An international court ruled this week that a large amount of extremely valuable and historical papers be turned over to the Israeli national library. A recent New York Times article delved into the high-profile case. Of course, it is important to keep in mind that the way this international court ruled may not have been the same as an American court. Nevertheless, this case is a wake up call to all that without careful estate planning in relation to how an individual wants to handle his or her personal property that it could end up in a bitter and costly legal battle.
Franz Kafka was a famous and influential author in the early 20th century. His papers included tens of thousands of pages, written by Kafka and his long-time friend and journalist, Max Brod.
Kafka died in 1924 but when his friend, Mr. Brod escaped from Europe and the Nazis in 1939 he took a suitcase of the Kafka papers with him to what was then Palestine (now Israel). Mr. Brod was the executor of Kafka’s estate. The Israeli government believes that these papers have tremendous historical and literary significance. The documents included sketches, notes, diaries and letters that were written by Kafka but were not discovered for over 40 years.
Mr. Brod died in 1968 and he bequeathed to his secretary, Esther Hoffe, all of his and Kafka’s papers and documents that he was keeping. Ms. Hoffe kept them in her Tel Aviv (Israel)
apartment. Ms. Hoffe sold one of Kafka’s manuscript that she was given for $2 million in 1988 after a scholar was allowed to examine them for authenticity.
When Ms. Hoffe died a few years ago, the documents and manuscripts passed on to her daughters. One of the daughters, Eva Hoffe, became embroiled in the legal battle that ensued between her family and the Israeli government contending that the documents belonged to their history and should be located in their national library or museum.
The Legal Battle
Ms. Hoffa’s daughter claimed that she was destitute and that the papers were a gift from Mr.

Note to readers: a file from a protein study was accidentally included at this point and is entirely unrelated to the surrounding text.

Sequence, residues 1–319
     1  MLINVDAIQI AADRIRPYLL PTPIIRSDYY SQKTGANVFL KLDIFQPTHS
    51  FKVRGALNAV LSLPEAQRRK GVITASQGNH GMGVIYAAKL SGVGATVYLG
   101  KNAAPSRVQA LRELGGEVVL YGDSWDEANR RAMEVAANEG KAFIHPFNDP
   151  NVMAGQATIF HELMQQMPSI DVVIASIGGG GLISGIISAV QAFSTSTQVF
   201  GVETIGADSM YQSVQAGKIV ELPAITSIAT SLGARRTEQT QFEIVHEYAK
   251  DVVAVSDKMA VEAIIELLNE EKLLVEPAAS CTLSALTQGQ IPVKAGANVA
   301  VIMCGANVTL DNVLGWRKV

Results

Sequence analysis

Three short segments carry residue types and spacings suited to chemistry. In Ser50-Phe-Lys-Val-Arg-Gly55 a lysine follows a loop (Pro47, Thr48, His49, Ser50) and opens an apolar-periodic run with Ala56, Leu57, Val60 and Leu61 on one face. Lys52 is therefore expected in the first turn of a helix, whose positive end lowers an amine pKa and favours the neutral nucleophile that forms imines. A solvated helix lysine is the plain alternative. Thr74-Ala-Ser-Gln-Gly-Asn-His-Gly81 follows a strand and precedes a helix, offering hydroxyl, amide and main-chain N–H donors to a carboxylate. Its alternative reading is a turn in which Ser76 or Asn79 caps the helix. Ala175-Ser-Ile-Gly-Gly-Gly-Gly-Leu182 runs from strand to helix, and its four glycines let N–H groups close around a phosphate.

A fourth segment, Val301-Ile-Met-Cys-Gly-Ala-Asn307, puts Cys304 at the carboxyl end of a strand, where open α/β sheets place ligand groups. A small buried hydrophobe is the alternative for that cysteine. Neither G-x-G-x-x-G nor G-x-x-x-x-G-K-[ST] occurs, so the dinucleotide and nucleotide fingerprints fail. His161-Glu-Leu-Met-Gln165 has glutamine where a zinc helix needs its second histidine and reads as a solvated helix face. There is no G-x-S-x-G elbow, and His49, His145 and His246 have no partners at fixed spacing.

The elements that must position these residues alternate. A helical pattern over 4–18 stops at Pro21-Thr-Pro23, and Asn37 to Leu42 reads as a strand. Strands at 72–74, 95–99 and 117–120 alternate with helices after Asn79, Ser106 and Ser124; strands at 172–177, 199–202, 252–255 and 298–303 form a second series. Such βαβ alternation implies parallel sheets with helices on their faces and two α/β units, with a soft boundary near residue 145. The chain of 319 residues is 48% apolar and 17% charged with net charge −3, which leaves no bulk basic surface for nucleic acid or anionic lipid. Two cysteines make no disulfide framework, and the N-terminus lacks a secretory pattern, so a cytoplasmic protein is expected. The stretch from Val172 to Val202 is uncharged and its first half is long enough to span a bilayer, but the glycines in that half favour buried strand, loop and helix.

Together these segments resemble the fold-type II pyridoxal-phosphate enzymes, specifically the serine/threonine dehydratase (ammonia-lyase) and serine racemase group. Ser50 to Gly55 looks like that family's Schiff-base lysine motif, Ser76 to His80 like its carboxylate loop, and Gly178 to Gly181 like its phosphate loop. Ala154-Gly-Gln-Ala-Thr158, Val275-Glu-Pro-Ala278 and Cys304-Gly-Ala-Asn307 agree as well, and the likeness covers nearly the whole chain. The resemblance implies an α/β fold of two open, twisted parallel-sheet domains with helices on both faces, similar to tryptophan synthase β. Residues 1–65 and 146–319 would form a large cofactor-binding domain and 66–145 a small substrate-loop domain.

Brod to her mother. On the other hand, the government argued that Mr. Brod didn’t really give the papers to Ms. Hoffe as a gift, but that his secretary was given these documents to keep in trust and to be disposed of per his wishes. Since Mr. Brod’s will did not specifically state what was supposed to be done with these papers and valuable documents, the Israeli government pursued their argument and persuaded the judge that the materials should be sent to the Hebrew University. The judge took note that Mr. Brod’s will from 1948 instructed his estate that his archive is to go to a “public Jewish library or national library” is housed. Ms. Hoffe plans to appeal the judge’s decision.
While most local residents may have have valuable documents to pass along, the basic principles apply to all regarding the need to clearly delineated wishes for personal property.
You need to be very careful and specific with respect to personal property and estate planning.
Possession of documents or property does not mean that you have a legal right to keep
them. For help with these matters in San Diego or surrounding communities please consider contacting the estate planning attorney at the Law Office of Scott Soady for guidance.